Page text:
Charles E. Martin

Alexandria, VA

Bowling Green Lodge 73, Bowling Green KY (GL of KY, F&AM)

Alexandria VA Scottish Rite Bodies (AASR, Southern Jurisdiction, USA)
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Direct Link To This Post Posted: January/06/2011 at 1:16pm
Brother Hodapp's ideas are really good - but we have to be aware that we need to modify them according to our lodge and the community in which we are located.
I think that a very common mistake that we make is that we are looking for a "one-for-all" solutions. Unfortunatelly, this often happens on Grand Lodge level too. The problems in our lodges are a result not only of our internal problems, but also of the socio-economic state of the community. Both the rural and the urban lodges have problems with membership retention and getting new members - but the reasons for that are different in both lodges. The same way - the approach to solving the problem should be different for the rural, small town and big city lodges.
I would suggest looking for custom made solutons. Sure - ask around for advices, but look at your own lodge for the final answer. I am a member of a lodge in Toronto, one of the largest cities in North America. Most of our members are urban type, well educated, intelectuals, professionals. I doubt that anyone in my lodge would participate in a chilli cook-out or BBQ as a form of fellowship and fundraising, but it will be very easy to get them all together for a pub night, art/history/science lecture from a guest lecturer, theatre or opera night (both for fellowship and fundraising). I am sure that the other 6 lodges who meet at the same Temple have different interests and the approach would be different at every one of them.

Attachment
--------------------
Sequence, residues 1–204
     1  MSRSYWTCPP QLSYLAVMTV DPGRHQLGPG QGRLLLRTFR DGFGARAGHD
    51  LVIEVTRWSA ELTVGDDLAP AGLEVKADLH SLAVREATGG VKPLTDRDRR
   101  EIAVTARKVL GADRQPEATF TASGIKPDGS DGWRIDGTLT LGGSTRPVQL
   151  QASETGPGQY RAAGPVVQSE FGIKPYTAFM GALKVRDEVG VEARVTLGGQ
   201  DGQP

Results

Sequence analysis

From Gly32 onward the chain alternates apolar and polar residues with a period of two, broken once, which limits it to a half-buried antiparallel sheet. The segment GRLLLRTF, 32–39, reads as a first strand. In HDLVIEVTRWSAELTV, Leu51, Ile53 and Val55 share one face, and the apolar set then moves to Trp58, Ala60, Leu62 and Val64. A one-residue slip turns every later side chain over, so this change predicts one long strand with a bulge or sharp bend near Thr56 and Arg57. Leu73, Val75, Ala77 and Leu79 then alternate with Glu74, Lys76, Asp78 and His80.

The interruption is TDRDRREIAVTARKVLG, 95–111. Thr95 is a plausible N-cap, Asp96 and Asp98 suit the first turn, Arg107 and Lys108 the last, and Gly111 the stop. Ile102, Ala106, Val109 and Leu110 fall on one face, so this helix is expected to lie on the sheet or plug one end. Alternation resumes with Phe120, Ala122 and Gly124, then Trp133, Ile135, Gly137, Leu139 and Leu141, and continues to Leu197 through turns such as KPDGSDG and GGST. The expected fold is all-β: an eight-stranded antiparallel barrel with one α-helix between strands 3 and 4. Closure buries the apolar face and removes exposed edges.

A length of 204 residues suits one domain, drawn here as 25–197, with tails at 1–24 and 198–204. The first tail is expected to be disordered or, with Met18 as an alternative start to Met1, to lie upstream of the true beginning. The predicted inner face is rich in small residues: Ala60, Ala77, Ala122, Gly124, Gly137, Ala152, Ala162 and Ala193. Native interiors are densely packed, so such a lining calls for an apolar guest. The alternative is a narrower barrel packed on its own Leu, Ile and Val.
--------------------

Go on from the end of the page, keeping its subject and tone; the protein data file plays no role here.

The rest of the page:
It's very important to understand that if we want something changed or improved - WE are the ones that should do it! No one else can do it for us. It's very easy to give ideas on what needs to be done - but it's very difficult to get it done. If you want to do something for the lodge - just go ahead and do it. No one will stop you! If you want to have a better looking lodge - well, go ahead, clean it up, bring some pictures, do the work yourself. If you want to have better ritual work - easy - learn a lecture and perform it during degrees. If you want better experience during dinner hour - instead of eating from paper plates, have proper plates and cutlery - do it yourself and stay after lodge to wash the dishes. If you want more fellowship - start calling the members of the lodge and go out with them or call them to join your family for dinner. All those small things will make a huge difference in the energy of the lodge - and no one will opose them! The PMs won't stop you if you want to do ritual work, the WM won't complain if you want to wash the dishes in order to have a better dinner experience, the GM won't even know that you have redecorated the lobby of your temple. Start there - not with the grand things that are out of your control. We can talk for ages how PHA recognition is needed - but we can't do it on a lodge level, so focus for now on what you can do, in your own lodge. Not what the lodge can do - what YOU can do! And just do it!
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Direct Link To This Post Posted: February/10/2011 at 6:29pm